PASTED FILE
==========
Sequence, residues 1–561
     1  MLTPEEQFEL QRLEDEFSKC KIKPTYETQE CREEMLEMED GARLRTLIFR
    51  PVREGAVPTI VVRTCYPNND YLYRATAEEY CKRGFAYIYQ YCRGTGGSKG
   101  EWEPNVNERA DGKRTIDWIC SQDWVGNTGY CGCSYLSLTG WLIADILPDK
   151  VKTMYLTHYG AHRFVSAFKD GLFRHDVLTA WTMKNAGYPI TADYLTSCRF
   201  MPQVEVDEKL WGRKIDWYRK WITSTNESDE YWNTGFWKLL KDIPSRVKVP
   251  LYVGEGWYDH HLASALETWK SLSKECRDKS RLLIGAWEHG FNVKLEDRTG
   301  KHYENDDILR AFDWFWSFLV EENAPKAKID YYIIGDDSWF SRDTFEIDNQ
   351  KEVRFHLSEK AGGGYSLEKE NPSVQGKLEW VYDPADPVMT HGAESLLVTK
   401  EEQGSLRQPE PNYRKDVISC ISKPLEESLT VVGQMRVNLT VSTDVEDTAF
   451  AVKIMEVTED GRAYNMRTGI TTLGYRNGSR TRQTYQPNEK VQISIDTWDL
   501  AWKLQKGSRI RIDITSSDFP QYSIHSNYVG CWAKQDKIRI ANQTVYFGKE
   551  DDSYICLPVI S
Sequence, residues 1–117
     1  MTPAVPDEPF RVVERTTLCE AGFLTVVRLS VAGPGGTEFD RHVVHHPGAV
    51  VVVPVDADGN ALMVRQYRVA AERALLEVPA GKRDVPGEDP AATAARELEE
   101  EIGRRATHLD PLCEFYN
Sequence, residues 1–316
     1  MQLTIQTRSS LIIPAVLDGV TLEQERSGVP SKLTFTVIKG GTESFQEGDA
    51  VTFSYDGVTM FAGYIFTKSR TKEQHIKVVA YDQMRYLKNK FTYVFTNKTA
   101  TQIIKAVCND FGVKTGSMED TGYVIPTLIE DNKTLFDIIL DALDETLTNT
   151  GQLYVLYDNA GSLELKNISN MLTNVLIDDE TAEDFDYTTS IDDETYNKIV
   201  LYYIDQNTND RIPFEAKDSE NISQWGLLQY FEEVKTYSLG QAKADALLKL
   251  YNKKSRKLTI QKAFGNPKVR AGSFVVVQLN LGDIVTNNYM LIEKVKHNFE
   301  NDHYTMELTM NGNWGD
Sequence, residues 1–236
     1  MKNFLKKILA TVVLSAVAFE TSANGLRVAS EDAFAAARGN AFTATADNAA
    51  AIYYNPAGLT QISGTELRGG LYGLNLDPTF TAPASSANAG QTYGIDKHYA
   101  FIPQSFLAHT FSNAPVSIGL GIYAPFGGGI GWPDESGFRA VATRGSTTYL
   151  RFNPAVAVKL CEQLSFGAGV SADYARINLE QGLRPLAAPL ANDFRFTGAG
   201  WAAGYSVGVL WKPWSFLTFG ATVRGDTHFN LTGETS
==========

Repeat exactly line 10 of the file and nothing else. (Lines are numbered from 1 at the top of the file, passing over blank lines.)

   401  EEQGSLRQPE PNYRKDVISC ISKPLEESLT VVGQMRVNLT VSTDVEDTAF